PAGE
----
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Wednesday, 17 October 1973
Page: 2296

Mr BEAZLEY (Fremantle) (Minister for Education) - I should like to comment on the speech of the honourable member for Forrest (Mr Drummond) who spoke a little while ago about Commonwealth expenditure on schools as distinct from Commonwealth expenditure on tertiary education. I should like to draw the attention of the honourable member for Forrest to the fact that so far no Labor Budget has been put through this Parliament. Therefore, the educational expenditures upon which he commented were a result of the Budget passed last year. I know that the honourable member was not making party political points. Of course the honourable member for Deakin (Mr Jarman), who has just spoken, made nothing else. But the point that I want to make is in relation to the actual expenditure of the Commonwealth Government on schools. The honourable member for Forrest will recall that in September last year we gave an undertaking that for the academic year 1973 we would continue the policies of the late Government. As a result $88.6m has been spent on schools. The expenditure on tertiary education is, of course, overwhelmingly larger than that amount - and that was the policy of the late Government.

Under the recommendations of the Interim Schools Committee, which recommends the grants to the States, in the academic year 1974 the expenditure of $88. 6m on schools for this year will become $276.5m, and for the academic year 1975 it will become $41 1.6m on schools. So the growth will be about fivefold. Even allowing for the strictures on inflation of the honourable member for Deakin these will be considerable increases. The honourable member for Deakin spoke about the destruction of the independent schools. In his speech - and I notice he does not wait to listen to the reply - he said that we were destroying the independent schools. I invite the attention of the House to the means of destroying the independent schools. In the last biennium of the late Government, 1971-72, the all-up expenditure, every form of expenditure, on state schools by the late Government was $40.5m, and on independent schools was $7 1.5m. Under the Karmel plan, which has come in for its share of criticism, the all-up expenditure in the next biennium on government schools will be $495m, a twelvefold increase; and on independent schools it will be $195m, about a threefold increase.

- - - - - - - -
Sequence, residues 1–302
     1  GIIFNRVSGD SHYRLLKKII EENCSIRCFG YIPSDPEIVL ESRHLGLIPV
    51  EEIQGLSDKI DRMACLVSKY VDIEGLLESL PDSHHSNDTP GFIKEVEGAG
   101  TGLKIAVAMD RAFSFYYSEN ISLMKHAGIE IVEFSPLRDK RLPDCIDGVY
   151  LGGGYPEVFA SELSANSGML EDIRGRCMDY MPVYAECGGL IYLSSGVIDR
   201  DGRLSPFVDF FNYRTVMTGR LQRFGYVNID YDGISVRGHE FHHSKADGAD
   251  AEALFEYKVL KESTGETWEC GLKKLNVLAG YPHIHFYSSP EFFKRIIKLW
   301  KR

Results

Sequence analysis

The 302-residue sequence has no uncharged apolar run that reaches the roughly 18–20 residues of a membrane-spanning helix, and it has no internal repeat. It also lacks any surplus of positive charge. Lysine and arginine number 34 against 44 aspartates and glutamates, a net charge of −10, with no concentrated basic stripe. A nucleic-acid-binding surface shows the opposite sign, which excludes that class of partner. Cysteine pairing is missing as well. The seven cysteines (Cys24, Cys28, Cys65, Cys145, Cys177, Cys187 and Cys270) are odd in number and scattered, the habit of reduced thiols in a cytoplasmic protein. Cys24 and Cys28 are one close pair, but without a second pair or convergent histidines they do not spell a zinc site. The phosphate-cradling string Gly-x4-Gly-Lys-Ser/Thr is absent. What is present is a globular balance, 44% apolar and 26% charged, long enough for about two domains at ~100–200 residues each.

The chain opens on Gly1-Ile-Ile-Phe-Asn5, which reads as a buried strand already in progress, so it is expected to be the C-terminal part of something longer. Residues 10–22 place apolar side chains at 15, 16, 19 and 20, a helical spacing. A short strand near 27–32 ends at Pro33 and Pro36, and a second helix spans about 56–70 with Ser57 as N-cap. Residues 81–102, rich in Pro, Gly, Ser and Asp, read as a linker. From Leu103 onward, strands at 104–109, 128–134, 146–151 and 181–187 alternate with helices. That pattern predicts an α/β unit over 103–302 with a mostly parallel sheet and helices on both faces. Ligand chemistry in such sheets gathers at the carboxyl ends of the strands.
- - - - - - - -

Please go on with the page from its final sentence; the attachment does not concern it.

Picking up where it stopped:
The honourable member for Bradfield (Mr Turner) of course is quite right in saying that money is not the only factor. But I suggest to the honourable gentleman that we should not fall into the opposite error of making religion a hurrah word. There is one Englishspeaking community which has only religious schools, and that community is Ulster. I think the honourable gentleman might recognise that religion as a form of indoctrination, rather than what it ought to be, can be a form of paganism which is thoroughly mischievous. Anyway, I am not satisfied with the results in Ulster. I hope that what really communicates itself to a child is the real qualities of the child's teachers, and those may not always relate to the doctrines the teachers profess. After all, the priest and the Levi had all the right doctrines, even from Christ's point of view, and the Samaritans had all the wrong ones. But that is not the point of the story. So we might look for other qualities in education rather than merely the question of religious profession.